This post was inspired by Stack Overflow question Why does word2vec vocabulary length is different from the word vector length

I have read a number of word vector related papers and felt that this was something I should have been able to just answer. The problem was I couldn’t. So back to the research papers.

Before I was able to research, there was of course and answer. The problem was, I didn’t understand it very well. The clarifying edit helped, and it agreed with the second answer saying that the smaller vector size was largely to reduce computation and increase performance.

Increasing performance makes sense, but then there’s the follow up question, How does it pick what goes into the vector if it is not a relationship with all the other words in the vocabulary?

So, now back to the papers.

A Neural Probabilistic Language Model

Bengio et al starts right off in the introduction talking about the curse of dimensionality. That goes well with the performance points from the Stack Overflow answers. This should be easy.

In the section about the curse of dimensionality is the following:

The feature vector represents different aspects of the word: each word is associated with a point in a vector space. The number of features (e.g. m = 30, 60 or 100 in the experiments) is much smaller than the size of the vocabulary (e.g. 17,000).

In the calculations section, the feature vectors are represented by C a mapping from any element in the vocabulary to a real vector C(i). Each C(i) is a Real Number vector of size m. The problem is there is no mention about how C is created or how m is selected.

From Frequency to Meaning: Vector Space Models of Semantics

Turney and Pantel is a survey of the research of it’s time. Section 4 describes a number of techniques for improving the results of the word frequency matrix culminating with:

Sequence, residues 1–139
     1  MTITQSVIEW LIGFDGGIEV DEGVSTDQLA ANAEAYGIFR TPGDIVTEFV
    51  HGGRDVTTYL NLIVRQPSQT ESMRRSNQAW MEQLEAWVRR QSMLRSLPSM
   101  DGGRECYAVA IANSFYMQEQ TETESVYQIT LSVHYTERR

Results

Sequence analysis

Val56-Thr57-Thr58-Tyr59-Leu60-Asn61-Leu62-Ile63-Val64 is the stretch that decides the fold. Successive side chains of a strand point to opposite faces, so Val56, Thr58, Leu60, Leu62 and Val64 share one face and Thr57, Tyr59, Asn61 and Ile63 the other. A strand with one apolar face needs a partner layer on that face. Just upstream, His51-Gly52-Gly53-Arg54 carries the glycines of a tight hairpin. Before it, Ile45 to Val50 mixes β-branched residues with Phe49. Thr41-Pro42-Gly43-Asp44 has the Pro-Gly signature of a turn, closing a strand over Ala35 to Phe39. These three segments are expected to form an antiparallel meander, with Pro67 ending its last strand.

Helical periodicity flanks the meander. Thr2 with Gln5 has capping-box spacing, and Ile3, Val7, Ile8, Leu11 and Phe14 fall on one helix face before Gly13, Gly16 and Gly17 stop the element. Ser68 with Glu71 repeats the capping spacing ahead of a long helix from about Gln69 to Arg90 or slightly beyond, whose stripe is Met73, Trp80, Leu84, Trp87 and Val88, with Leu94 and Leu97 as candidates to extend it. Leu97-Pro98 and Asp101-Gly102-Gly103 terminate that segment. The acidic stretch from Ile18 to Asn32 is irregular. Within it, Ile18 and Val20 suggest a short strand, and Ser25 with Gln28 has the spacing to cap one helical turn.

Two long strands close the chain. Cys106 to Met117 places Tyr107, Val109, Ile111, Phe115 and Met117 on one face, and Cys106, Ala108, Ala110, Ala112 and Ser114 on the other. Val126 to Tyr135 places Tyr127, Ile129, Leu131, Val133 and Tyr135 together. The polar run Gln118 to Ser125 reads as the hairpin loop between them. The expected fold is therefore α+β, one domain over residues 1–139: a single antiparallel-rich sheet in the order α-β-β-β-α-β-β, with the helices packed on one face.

Deerwester et al. (1990) found an elegant way to improve similarity measurements with a mathematical operation on the term{document matrix, X, based on linear algebra. The operation is truncated Singular Value Decomposition (SVD), also called thin SVD.


The initially calculated word vectors are the same size as the Vocabulary, but they are too large to be efficient both for training the neural networks and for general use.

Onto the word2vec paper (at least it’s the first result when searching for word2vec paper)

Distributed Representations of Words and Phrases and their Compositionality

Mikolov et al

Unlike most of the previously used neural network architectures for learning word vectors, training of the Skip-gram model (see Figure 1) does not involve dense matrix multiplications.

Rather than build up the word vectors, condense them down, and use them to build model, word2vec builds the word vectors in the hidden layer of it’s neural network. This is a much more efficient process and any loss in quality is made up for by training on orders of magnitdue more data.

This also explains why deeplearning4j calls the parameter for the number of featuers in a word vector layerSize.


There is another way to pick the feature set. Know ahead of time what you want to study. Gigasquid chose the nouns in fairy tale books. A Probabilistic Model for Semantic Word Vectors pre-processes their input data, 50K movie reviews, to select out the features they want to study.

we build our dictionary by keeping the 20,000 most frequent unigram tokens without stop word removal.


The initial thoughts in the Stack Overflow question, word vector size and vocabulary size should be the same, is true but not practical. Initially, the vocabulary size vectors were built and then reduced, but word2vec is more efficient and builds a smaller size feature vector while it trains its neural network.

I have a new personal record for time spent researching a Stack Overflow question.